Although it is possibly still fresh in the minds of Irish football fans, Ireland’s bizarre 2-1 victory over lowly San Marino reached its ten-year anniversary this week (February 7).
Despite being a strong Ireland team on paper, the Boys in Green struggled to get to grips with one of world football’s worst ever teams. Stephen Ireland popped up with a last-minute winner in what still went down as a national embarrassment.
We take a look at where the players from the night are now and if they managed to recover from the experience.
Only six of the players who took to the pitch that night are still playing professionally.
Henderson went on to win six caps for Ireland afterwards but his international career stalled after Steve Staunton was sacked.
Played under 100 league games for Brighton and Preston amongst others before retiring in 2011 due to a spinal problem.
Still one of Ireland’s finest ever full-backs. Finnan had only won the Champions League two years previously with Liverpool, making the San Marino game far from his comfort zone.
Finished his career off with Portsmouth and now works in property.
One of the few remaining players from that faithful night. O’Shea has since gone onto play in two European Championships and won the Champions League with Manchester United the following year so things worked out for him after all.
Some will still deny that Dunne was breached by the minows but this was only a slight blip in a well established international career.
Bowed out in 2013 just after Martin O’Neill’s appointment having struck fear into the people of Moscow in 2011.
Ireland’s most prolific defender, Harte was enjoying a reinvigorated recall to the Ireland squad at the time. This was his last cap, but his free-kicks are still legendary despite a night to forget.
Retired in 2015 after guiding Bournemouth to Premier League promotion.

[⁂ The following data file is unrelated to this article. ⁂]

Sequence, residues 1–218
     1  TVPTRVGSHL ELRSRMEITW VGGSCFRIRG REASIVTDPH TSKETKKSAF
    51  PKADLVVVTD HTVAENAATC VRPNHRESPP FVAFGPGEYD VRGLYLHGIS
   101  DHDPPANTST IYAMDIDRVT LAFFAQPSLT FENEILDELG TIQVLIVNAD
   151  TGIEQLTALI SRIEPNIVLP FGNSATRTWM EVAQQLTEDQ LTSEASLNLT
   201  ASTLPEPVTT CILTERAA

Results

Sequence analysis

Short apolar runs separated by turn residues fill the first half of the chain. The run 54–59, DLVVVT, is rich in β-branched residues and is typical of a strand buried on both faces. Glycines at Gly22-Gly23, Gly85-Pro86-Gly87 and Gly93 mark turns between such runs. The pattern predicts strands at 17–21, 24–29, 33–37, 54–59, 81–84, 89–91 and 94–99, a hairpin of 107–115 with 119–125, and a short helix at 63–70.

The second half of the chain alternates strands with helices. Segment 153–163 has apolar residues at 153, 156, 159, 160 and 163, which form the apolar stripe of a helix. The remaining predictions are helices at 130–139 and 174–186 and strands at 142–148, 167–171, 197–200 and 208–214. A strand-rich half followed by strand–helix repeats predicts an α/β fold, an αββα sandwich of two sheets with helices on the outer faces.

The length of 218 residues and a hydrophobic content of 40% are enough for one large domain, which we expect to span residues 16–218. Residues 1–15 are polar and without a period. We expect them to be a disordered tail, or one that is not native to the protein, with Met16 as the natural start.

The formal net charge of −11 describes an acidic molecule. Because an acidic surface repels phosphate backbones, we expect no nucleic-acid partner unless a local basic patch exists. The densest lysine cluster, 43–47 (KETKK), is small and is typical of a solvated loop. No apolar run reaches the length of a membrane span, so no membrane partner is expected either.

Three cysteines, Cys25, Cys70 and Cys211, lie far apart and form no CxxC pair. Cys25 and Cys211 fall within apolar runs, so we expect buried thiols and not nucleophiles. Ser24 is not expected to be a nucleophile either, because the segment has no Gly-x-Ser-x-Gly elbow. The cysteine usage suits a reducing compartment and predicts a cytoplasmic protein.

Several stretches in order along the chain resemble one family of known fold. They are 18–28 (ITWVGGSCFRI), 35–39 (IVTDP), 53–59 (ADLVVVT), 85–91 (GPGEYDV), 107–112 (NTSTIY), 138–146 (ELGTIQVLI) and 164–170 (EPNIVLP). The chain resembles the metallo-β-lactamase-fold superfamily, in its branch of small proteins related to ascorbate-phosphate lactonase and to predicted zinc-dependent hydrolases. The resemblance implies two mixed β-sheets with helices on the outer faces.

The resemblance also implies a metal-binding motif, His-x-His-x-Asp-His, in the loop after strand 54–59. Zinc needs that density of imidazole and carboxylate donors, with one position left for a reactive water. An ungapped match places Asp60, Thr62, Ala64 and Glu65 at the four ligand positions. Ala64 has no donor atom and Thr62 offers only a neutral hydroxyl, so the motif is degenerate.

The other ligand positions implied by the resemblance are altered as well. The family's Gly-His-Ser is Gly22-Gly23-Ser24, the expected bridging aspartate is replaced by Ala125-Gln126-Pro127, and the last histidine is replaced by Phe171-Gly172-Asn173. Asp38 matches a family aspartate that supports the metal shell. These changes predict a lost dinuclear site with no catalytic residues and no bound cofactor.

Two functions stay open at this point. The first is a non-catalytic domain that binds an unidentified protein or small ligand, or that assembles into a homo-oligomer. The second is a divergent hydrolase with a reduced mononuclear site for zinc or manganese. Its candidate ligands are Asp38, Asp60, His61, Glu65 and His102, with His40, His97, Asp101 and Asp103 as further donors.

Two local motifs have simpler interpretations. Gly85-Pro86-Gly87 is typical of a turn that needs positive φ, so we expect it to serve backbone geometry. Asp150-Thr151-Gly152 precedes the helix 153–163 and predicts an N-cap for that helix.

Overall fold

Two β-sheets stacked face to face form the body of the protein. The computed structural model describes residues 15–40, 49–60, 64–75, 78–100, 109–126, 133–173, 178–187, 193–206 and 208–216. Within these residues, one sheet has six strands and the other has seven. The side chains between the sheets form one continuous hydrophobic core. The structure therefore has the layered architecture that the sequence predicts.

One of Ireland’s greatest ever players, even Duff struggled against the scrappy San Marino. Went on to win exactly 100 caps and brought many happy moments to Irish fans.
Finished up his playing career at Shamrock Rovers in 2015 after after his international retirement following Euro 2012.
The man who scored the winner would eventually experience the death of his granny, only to realise it was another granny, only to finally discover that it was neither granny.
The long whirlwind story of what might have been. Still with Stoke but currently injured.
Carsley was Ireland’s robust midfield operator and a regular under Staunton, fulfilling the role Glenn Whelan has taken up for the past decade.
Played his final game for Ireland against Brazil in 2008 and is now employed as an underage coach by the FA. A ‘granny rule’ player himself, one of Carsley’s roles is ironically stopping English players defecting to other nations.
Scored the opener against San Marino before the madness ensued. Kilbane went on to become Ireland’s most capped player before being overtaken by Shay Given, Robbie Keane and John O’Shea.
Retired from football in 2012 with legendary status and is now establishing himself as a rather fine pundit.
Although he failed to score on the night, Keane did alright in the end. It is unlikely his 68 goals will ever be beaten, not to mention his 146 caps.
Currently a free agent, he’s set to prolong his career for at least another year. Already missed by Irish fans but left a lot of fantastic memories behind.
One of the last men standing, Long had just turned 20 and thankfully his career did kick on. Having amassed 17 goals for Ireland so far in his career, Long has plenty of time to add more.
Despite being 30 now, he is in peak shape and is still one of the Premier League’s fastest players. Still with Southampton, where he seems quite content.
Another current squad member, McShane has been a much-maligned figure amongst Ireland fans. However, the last several seasons have seen massive improvement in the 31-year-old who seems to have been around forever.
Was one of Ireland’s most promising players at the time and drew strange comparisons to Roy Keane during his early days at Manchester United. Currently fighting for promotion with Reading.
Was Ireland’s equivalent to James McClean in 2007. A feisty left winger and usually a terrifying impact off the bench, Hunt spent several seasons as a Premier League regular and was also part of the Euro 2012 squad.
His last spell was with Coventry at the end of last season and is now making waves as a pundit and football columnist.
Stokes was another golden boy of this Irish team that never quite made the grade. Despite his much-criticised career, domestically he is one of Ireland’s most prolific goalscorers of the last decade, with his international career hardly helped by his exclusion from Giovanni Trappatoni’s squads in addition to his off-field antics.
Struggling to get a game at Blackburn, but has been linked with Polish side Jaggielonia Bialystok who lead the Polish League
Nick Menezes, Pundit Arena
Read More About: anthony stokes, Damiern Duff, ian harte, ireland international football, irish football, john o'shea, kevin kilbane, Lee Carsely, paul mcshane, richard dunne, robbie keane, shane long, stephen hunt, stephen ireland, steve finnan, steve staunton, Wayne Henderson